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In Euclidean geometry, a **tangential quadrilateral** (sometimes just **tangent quadrilateral**) or **circumscribed quadrilateral** is a convex quadrilateral whose sides all can be tangent to a single circle within the quadrilateral. This circle is called the incircle of the quadrilateral or its inscribed circle, its center is the *incenter* and its radius is called the *inradius*. Since these quadrilaterals can be drawn surrounding or circumscribing their incircles, they have also been called *circumscribable quadrilaterals*, *circumscribing quadrilaterals*, and *circumscriptible quadrilaterals*.^{[1]} Tangential quadrilaterals are a special case of tangential polygons.

Other less frequently used names for this class of quadrilaterals are *inscriptable quadrilateral*, *inscriptible quadrilateral*, *inscribable quadrilateral*, *circumcyclic quadrilateral*, and *co-cyclic quadrilateral*.^{[1]}^{[2]} Due to the risk of confusion with a quadrilateral that has a circumcircle, which is called a cyclic quadrilateral or inscribed quadrilateral, it is preferable not to use any of the last five names.^{[1]}

All triangles can have an incircle, but not all quadrilaterals do. An example of a quadrilateral that cannot be tangential is a non-square rectangle. The section characterizations below states what necessary and sufficient conditions a quadrilateral must satisfy to be able to have an incircle.

Examples of tangential quadrilaterals are the kites, which include the rhombi, which in turn include the squares. The kites are exactly the tangential quadrilaterals that are also orthodiagonal.^{[3]} A right kite is a kite with a circumcircle. If a quadrilateral is both tangential and cyclic, it is called a bicentric quadrilateral, and if it is both tangential and a trapezoid, it is called a tangential trapezoid.

In a tangential quadrilateral, the four angle bisectors meet at the center of the incircle. Conversely, a convex quadrilateral in which the four angle bisectors meet at a point must be tangential and the common point is the incenter.^{[4]}

According to the Pitot theorem, the two pairs of opposite sides in a tangential quadrilateral add up to the same total length, which equals the semiperimeter *s* of the quadrilateral:

Conversely a convex quadrilateral in which *a* + *c* = *b* + *d* must be tangential.^{[1]}^{: p.65 }^{[4]}

If opposite sides in a convex quadrilateral *ABCD* (that is not a trapezoid) intersect at *E* and *F*, then it is tangential if and only if either of^{[4]}

or

Another necessary and sufficient condition is that a convex quadrilateral *ABCD* is tangential if and only if the incircles in the two triangles *ABC* and *ADC* are tangent to each other.^{[1]}^{: p.66 }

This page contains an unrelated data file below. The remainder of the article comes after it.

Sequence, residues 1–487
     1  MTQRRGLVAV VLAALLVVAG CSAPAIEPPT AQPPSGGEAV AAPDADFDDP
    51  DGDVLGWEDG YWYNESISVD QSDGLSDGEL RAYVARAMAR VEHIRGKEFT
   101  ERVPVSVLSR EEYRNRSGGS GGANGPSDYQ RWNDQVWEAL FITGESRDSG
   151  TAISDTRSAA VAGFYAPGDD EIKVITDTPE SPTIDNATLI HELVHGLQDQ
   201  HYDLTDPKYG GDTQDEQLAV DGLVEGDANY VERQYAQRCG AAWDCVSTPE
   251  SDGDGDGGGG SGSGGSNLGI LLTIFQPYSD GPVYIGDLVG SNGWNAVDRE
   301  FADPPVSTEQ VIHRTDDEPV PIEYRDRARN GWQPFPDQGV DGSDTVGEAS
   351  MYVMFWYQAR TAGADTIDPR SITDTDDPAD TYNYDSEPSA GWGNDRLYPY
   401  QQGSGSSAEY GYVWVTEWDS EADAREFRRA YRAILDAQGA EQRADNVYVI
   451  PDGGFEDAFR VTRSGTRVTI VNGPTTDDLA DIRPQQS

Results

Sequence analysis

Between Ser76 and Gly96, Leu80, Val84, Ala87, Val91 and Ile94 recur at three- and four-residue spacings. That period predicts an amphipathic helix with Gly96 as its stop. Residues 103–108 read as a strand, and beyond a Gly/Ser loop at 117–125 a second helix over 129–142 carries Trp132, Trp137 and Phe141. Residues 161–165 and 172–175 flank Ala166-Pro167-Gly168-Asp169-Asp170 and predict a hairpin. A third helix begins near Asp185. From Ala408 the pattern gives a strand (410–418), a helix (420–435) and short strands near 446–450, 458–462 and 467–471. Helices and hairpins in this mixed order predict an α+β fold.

A characterization regarding the angles formed by diagonal *BD* and the four sides of a quadrilateral *ABCD* is due to Iosifescu. He proved in 1954 that a convex quadrilateral has an incircle if and only if^{[5]}

Further, a convex quadrilateral with successive sides *a*, *b*, *c*, *d* is tangential if and only if

where *R*_{a}, *R*_{b}, *R*_{c}, *R*_{d} are the radii in the circles externally tangent to the sides *a*, *b*, *c*, *d* respectively and the extensions of the adjacent two sides for each side.^{[6]}^{: p.72 }

Several more characterizations are known in the four subtriangles formed by the diagonals.

The incircle is tangent to each side at one *point of contact*. These four points define a new quadrilateral inside of the initial quadrilateral: the *contact quadrilateral,* which is cyclic as it is inscribed in the initial quadrilateral's incircle.

The eight *tangent lengths* (*e*, *f*, *g*, *h* in the figure to the right) of a tangential quadrilateral are the line segments from a vertex to the points of contact. From each vertex, there are two congruent tangent lengths.

The two *tangency chords* (*k* and *l* in the figure) of a tangential quadrilateral are the line segments that connect contact points on opposite sides. These are also the diagonals of the contact quadrilateral.

The area *K* of a tangential quadrilateral is given by

where *s* is the semiperimeter and *r* is the inradius. Another formula is^{[7]}

which gives the area in terms of the diagonals *p*, *q* and the sides *a*, *b*, *c*, *d* of the tangential quadrilateral.

The area can also be expressed in terms of just the four tangent lengths. If these are *e*, *f*, *g*, *h*, then the tangential quadrilateral has the area^{[3]}

Furthermore, the area of a tangential quadrilateral can be expressed in terms of the sides *a, b, c, d* and the successive tangent lengths *e, f, g, h* as^{[3]}^{: p.128 }

Since *eg* = *fh* if and only if the tangential quadrilateral is also cyclic and hence bicentric,^{[8]} this shows that the maximal area occurs if and only if the tangential quadrilateral is bicentric.

A trigonometric formula for the area in terms of the sides *a*, *b*, *c*, *d* and two opposite angles is^{[7]}^{[9]}^{[10]}^{[11]}

For given side lengths, the area is maximum when the quadrilateral is also cyclic and hence a bicentric quadrilateral. Then since opposite angles are supplementary angles. This can be proved in another way using calculus.^{[12]}

Another formula for the area of a tangential quadrilateral *ABCD* that involves two opposite angles is^{[10]}^{: p.19 }

where *I* is the incenter.

In fact, the area can be expressed in terms of just two adjacent sides and two opposite angles as^{[7]}

Still another area formula is^{[7]}